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The ongoing discussion of whether obesity should be categorized as a disease - with all the legal and social implications such a move would carry - continues to generate interest.

One MNB user wrote:

I was intrigued by all the responses you received regarding your views on obesity, manufacturers, disease classification and personal responsibility.

"If people think that obesity is really a disease and it should be treated
that way, just wait until we get the newest rate increases in health
I've never known an insurer to cover an eating disorder. We'll all pay for it anyway as obese people use the medical industry more and more.

"People do not have to helplessly die of obesity as they would die of a real
disease such as cancer."
Isn't Bulimia a "real" disease? How about Anorexia? These diseases revolve around bad food choices or lack thereof and distortions of self image. Both of these factors seem to be very involved with obesity. People die from Anorexia, from Bulimia AND Obesity - often helplessly. They are just as "real" as cancer. Ask anyone who's had a relative or friend die from an eating disorder.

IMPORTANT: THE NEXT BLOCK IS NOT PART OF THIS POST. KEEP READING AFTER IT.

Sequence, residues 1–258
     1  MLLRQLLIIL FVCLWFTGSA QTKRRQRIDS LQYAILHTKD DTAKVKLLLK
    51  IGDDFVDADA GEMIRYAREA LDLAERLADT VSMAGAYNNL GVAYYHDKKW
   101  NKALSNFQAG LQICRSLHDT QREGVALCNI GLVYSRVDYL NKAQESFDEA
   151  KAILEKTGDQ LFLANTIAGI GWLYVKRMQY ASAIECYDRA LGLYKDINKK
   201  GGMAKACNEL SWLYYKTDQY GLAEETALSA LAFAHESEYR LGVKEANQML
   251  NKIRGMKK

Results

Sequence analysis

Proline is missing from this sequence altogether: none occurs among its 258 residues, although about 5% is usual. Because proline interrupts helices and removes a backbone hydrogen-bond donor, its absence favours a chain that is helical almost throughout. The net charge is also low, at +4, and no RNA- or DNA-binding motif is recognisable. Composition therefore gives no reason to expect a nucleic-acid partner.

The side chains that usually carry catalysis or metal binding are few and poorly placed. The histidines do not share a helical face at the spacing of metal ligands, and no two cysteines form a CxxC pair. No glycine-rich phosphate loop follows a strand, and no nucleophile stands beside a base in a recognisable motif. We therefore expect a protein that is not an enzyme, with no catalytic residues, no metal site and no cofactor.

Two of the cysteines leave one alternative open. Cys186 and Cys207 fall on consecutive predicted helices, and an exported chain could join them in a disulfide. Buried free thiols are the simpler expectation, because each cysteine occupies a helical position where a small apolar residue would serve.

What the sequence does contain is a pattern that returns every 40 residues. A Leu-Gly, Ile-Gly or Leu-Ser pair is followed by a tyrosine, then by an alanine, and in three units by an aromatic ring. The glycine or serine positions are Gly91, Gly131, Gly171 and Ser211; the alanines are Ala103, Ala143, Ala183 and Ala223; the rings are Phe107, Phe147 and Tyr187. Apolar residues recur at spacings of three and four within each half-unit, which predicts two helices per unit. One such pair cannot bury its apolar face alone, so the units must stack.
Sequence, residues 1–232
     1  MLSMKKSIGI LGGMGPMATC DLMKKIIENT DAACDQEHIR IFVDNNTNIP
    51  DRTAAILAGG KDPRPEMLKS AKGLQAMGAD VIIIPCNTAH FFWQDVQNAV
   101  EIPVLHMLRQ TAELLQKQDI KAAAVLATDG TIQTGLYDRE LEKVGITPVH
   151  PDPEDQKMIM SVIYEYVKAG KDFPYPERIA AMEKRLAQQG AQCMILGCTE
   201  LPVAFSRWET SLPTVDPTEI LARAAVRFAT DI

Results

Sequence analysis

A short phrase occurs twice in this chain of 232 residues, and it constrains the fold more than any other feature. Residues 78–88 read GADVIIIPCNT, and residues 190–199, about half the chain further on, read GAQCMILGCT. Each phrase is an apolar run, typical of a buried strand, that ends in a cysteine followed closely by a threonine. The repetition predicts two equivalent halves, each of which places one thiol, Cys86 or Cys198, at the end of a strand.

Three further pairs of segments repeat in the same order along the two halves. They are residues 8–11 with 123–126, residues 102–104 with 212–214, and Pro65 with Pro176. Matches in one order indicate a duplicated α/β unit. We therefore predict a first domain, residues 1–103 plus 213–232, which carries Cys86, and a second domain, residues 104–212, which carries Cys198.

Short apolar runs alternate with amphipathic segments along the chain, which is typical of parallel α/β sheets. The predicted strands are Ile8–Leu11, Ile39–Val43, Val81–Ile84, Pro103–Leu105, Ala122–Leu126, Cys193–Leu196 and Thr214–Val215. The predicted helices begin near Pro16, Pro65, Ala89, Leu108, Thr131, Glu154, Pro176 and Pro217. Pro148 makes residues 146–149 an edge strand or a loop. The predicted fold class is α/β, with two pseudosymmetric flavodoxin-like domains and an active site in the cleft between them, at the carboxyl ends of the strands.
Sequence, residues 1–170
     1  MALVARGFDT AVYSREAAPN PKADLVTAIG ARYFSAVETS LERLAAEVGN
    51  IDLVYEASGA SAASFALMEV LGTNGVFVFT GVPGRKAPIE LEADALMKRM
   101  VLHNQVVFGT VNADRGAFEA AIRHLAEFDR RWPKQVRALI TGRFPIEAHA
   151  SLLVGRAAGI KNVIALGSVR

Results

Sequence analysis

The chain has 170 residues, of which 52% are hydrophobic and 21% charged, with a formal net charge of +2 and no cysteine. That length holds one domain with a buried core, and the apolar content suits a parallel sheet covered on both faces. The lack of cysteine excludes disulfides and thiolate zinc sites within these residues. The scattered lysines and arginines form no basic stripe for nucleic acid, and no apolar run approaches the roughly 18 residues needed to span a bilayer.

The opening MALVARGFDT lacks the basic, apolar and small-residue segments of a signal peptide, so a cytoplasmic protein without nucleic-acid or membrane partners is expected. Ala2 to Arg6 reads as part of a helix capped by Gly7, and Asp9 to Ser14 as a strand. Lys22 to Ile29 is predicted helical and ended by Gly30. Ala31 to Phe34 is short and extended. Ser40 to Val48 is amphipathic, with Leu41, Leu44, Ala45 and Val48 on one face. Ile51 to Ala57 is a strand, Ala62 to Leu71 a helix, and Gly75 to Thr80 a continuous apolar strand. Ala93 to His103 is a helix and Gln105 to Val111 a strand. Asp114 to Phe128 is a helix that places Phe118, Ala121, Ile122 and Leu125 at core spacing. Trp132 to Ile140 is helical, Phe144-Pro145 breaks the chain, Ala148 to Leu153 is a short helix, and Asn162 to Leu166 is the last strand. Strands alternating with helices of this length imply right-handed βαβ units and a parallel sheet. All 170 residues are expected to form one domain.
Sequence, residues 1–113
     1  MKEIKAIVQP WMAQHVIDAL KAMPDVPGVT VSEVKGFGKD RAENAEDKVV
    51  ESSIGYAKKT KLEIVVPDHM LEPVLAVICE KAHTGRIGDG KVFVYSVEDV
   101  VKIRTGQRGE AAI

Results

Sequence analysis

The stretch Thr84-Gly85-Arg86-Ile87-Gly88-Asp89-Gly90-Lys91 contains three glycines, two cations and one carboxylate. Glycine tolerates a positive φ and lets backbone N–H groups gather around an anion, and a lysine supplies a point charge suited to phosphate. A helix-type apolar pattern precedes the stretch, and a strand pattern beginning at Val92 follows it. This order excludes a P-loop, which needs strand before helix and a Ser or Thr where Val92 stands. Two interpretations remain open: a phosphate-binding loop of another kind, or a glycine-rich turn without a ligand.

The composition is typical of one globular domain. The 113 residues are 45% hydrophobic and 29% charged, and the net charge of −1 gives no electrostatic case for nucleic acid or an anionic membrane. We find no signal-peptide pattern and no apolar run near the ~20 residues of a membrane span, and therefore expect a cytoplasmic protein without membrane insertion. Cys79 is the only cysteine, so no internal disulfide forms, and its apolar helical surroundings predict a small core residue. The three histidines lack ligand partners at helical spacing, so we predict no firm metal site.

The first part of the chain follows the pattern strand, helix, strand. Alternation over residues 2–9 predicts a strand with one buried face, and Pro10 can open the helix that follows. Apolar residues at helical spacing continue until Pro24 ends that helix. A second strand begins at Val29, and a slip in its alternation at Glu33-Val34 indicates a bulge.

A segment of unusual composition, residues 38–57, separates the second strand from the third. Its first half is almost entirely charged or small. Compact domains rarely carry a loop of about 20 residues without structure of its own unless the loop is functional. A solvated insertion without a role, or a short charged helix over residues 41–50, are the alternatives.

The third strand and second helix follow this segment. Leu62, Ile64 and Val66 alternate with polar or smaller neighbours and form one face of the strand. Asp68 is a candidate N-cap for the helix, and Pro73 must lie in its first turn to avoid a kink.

Let's face it, there are people out there who need help, personal responsibility or no. And there are those who just need a shove in the right direction.

Here's a thought - we've created a pretty miserable environment for a lot of people when it comes to food (from "ideal" body images to super sized meals to "convenience" foods loaded with fat, sugar and preservatives), why can't we take some responsibility for that while helping those who've gotten caught in the middle of it?

MNB user Katherine Johnston disagreed: